ABOUT ME

Dr. William (Bill) Farrand is a senior research scientist at the Space Science Institute in Boulder, Colorado. He has a B.A. in Geology from Franklin & Marshall College and a M.S. and Ph.D. in the Geosciences from the University of Arizona. He has worked extensively in terrestrial remote sensing as well as in the remote sensing of Mars and of the Moon. In the terrestrial remote sensing field, Dr. Farrand has worked extensively with data from airborne hyperspectral remote sensing systems for both commercial and government programs. Dr. Farrand has been a Participating Scientist on NASA's Mars Exploration Rover (MER) Mission since 2002. Dr. Farrand has worked extensively with multispectral Pancam data from both the Spirit and Opportunity rovers looking at the multispectral reflectance of rocks viewed by the rovers at the Columbia Hills of Gusev crater and on the plains and craters of Meridiani Planum. He is also involved in several other projects examining terrestrial analogues of Martian surface materials, working with orbital remote sensing data of Mars, and examining the hyperspectral reflectance data over mining sites in western India. Bill has given numerous public talks on Mars and geology topics and is an active member of a Toastmasters public speaking club. In his free time, Bill is an avid rock climber and also enjoys skiing, hiking, taking his dogs on walks, and pursuing useless TV and movie trivia.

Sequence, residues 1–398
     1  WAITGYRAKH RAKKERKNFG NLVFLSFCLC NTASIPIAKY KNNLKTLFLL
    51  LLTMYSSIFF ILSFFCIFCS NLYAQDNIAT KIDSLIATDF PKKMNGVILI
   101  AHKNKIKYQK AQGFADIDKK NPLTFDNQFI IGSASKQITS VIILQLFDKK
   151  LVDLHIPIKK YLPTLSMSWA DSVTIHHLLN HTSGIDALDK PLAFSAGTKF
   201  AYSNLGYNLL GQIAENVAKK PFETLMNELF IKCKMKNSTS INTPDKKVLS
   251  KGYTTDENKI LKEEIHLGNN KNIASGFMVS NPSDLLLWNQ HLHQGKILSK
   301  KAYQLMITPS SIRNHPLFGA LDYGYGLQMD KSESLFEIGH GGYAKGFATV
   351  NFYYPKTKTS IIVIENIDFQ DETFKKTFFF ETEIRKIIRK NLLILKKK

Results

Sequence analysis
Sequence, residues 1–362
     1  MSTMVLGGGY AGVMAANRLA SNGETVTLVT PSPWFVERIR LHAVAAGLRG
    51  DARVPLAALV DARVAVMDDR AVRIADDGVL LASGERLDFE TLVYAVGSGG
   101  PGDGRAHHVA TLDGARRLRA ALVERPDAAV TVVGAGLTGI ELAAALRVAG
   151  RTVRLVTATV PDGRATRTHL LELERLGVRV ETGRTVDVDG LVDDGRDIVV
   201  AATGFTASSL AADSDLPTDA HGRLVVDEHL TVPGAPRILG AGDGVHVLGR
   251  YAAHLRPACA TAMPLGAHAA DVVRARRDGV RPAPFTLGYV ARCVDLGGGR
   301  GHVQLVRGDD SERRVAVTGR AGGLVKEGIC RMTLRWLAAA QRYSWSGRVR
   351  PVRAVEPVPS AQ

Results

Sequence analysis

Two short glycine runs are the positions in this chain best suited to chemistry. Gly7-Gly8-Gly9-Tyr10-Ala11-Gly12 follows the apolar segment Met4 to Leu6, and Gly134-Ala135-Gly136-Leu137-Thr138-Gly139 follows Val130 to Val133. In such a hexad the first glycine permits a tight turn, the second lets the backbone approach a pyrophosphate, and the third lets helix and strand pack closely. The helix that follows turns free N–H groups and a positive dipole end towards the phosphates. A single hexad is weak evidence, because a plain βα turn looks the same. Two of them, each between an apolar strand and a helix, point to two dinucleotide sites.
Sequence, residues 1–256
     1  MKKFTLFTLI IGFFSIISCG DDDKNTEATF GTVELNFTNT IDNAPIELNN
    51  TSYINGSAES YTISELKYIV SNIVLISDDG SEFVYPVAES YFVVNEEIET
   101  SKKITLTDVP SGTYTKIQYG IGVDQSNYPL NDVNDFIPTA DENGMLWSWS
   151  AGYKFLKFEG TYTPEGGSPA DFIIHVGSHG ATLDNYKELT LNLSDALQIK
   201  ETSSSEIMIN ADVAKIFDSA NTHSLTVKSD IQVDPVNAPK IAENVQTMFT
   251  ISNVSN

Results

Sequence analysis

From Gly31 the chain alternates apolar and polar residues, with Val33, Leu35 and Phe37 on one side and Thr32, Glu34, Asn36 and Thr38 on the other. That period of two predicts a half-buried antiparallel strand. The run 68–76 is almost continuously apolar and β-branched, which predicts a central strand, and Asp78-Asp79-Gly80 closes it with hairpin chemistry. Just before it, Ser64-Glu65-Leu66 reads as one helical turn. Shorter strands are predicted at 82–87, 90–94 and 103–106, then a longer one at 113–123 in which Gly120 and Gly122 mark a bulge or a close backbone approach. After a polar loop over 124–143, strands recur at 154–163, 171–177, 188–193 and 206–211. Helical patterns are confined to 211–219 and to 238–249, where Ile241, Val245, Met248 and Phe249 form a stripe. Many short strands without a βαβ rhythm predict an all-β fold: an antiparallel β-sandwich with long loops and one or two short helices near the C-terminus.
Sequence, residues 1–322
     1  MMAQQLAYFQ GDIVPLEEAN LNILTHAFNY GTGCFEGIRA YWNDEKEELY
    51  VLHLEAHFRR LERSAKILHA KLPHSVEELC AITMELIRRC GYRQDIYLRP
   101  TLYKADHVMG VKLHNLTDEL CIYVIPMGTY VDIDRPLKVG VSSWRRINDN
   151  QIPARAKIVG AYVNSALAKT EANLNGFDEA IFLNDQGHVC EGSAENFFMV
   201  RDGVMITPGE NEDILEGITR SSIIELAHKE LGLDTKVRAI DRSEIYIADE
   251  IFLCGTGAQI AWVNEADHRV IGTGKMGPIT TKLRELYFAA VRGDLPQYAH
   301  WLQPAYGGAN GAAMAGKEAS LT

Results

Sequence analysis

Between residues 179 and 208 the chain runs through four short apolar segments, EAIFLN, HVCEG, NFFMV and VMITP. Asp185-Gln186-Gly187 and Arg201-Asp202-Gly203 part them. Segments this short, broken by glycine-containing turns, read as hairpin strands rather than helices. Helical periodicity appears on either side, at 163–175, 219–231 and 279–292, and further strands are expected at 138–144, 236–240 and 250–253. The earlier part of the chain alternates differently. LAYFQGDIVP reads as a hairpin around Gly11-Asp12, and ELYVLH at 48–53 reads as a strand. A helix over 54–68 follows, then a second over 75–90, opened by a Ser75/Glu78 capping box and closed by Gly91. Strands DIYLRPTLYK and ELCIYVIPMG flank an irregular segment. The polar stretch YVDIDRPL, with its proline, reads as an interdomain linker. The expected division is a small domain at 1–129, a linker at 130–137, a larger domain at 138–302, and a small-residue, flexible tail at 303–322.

EDUCATION

RESEARCH INTERESTS

Hyperspectral Remote Sensing

Working with terrestrial and planetary orbital and airborne datasets from instruments such as AVIRIS, AVIRIS-NG, and CRISM

1988 - 1991

University of Arizona

PhD in Geosciences with minor in Remote Sensing.

Mars Surface Geology

Addressing questions related to the types of rocks and minerals on the surface of Mars using orbital and rover-based instrumentation.

Acid Mine Drainage and Abandoned Mine Lands

Using remote sensing data to characterize environmental impacts from mining.

1985 - 1987

University of Arizona

MS in Geosciences

1980 - 1984

Franklin & Marshall College

BA in Geology

Lunar Geology

Examining aspects of lunar volcanic activity using remote sensing data.

The Science & 

Mathematics University

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